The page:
ST: It’s extremely tiring though, after one Test Match I actually slightly crashed my car driving home because I was just so exhausted. I accidently slightly reversed into a wall that was almost impossible to reverse into and I still have no idea how I did it. People still tease me about that and I’m not allowed to drive during Test Matches anymore!
What’s the silliest fancy dress costume you’ve ever seen?
ST: I do have two favourites actually, once I saw a line of Smurfs doing the conga through the concourse being led by Snow White and followed by Superman. Which you don’t see every day. I also saw Wallace and Gromit once and they were really life like!
SP: I don’t think I could pick a favourite! The 118 guys are popular and somehow they always manage to keep their afro wigs and moustaches on for the whole day even in the heat! I think one year we had some people dressed as Dickie Bird who copied every move the umpire made – that was quite clever.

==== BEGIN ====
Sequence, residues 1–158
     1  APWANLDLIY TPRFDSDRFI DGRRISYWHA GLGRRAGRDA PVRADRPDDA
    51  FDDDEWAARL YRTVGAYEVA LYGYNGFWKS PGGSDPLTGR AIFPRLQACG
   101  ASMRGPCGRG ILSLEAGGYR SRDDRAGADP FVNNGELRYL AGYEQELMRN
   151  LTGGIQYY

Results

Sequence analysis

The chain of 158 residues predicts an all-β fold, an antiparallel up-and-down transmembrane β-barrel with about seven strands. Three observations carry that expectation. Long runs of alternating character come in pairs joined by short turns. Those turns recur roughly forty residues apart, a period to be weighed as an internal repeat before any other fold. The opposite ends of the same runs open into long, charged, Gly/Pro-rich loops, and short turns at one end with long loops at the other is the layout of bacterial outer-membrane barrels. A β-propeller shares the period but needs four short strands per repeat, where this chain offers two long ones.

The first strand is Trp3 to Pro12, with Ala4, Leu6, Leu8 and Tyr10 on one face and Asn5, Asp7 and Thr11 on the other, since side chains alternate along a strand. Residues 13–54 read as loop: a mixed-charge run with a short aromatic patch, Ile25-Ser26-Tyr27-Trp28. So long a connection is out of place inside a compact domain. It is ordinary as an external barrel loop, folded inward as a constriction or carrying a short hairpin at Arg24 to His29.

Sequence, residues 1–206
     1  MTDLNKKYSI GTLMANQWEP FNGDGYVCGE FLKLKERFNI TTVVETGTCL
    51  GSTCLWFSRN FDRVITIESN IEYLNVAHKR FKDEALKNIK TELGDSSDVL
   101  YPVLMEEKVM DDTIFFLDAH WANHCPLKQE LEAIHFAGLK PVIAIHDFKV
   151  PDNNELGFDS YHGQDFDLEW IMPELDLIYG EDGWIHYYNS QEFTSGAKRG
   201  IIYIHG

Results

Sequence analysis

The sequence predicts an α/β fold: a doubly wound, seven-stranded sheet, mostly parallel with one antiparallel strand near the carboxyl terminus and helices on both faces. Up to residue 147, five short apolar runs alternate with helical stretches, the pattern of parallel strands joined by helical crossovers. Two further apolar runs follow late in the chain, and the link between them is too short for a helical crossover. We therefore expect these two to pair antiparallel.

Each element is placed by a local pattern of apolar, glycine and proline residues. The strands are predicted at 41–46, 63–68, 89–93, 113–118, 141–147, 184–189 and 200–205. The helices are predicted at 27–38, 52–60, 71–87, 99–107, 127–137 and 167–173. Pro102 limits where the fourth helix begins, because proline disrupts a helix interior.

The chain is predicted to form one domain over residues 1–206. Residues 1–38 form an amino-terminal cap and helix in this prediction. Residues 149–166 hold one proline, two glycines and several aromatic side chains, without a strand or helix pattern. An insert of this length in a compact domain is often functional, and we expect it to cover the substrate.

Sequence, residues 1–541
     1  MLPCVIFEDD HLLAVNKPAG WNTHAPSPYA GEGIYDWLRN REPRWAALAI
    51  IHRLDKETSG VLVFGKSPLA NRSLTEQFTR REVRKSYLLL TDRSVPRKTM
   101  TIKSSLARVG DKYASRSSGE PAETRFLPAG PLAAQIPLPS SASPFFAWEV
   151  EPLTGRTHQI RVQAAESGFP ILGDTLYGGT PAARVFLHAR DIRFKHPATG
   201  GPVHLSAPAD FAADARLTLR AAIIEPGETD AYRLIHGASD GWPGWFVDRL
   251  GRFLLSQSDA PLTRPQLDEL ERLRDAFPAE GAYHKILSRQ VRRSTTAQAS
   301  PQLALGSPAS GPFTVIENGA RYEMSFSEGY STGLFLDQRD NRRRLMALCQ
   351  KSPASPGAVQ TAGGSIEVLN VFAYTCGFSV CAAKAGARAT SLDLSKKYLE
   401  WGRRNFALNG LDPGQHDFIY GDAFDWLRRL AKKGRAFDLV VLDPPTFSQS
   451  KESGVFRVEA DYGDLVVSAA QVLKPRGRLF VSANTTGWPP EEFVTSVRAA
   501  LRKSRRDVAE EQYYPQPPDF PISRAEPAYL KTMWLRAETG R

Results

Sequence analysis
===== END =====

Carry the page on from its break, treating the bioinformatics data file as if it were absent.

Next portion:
What’s your fondest Test Match memory?
SP: I’ve now got joint favourite memories, one was Michael Vaughan’s hundred when he returned to play and Joe Root’s maiden Test hundred last year against New Zealand. That was amazing to be part of.
ST: I would also say Joe Root’s maiden hundred against New Zealand last season but I also remember Kevin Pietersen’s hundred at Headingley the year before against South Africa. The atmosphere was electric, the kind that you don’t forget easily!
Who’s your biggest claim to fame? Have you met any famous people?
ST: I’d have to say Geoffrey Boycott!
SP: For me, aside from Geoffrey Boycott, it would have to Sir Gary Sobers. That was quite a humbling moment.
Finally, your favourite thing about a Test Match at Headingley?
ST: I think the atmosphere on a Test Match at Headingley is just incredible, people don’t realise how much different it is. Headingley really comes alive at an international match. It’s amazing to be a part of.
SP: I agree. The cricket and the atmosphere of a Test Match is fantastic and do make it worth every late night and early morning! You don’t want to miss a part of a Test Match, it’s always captivating and the atmosphere just makes it extra special.
Don’t miss a moment of cricket at Headingley this summer. Tickets are available at the Early Bird Discounted rate until 31st January 2014. Click here to book
Hospitality packages are available from £149 for England v Sri Lanka Investec Test Match and for England v India in the Royal London One-Day International . To book – call Sarah Thorpe on 0113 2033 621.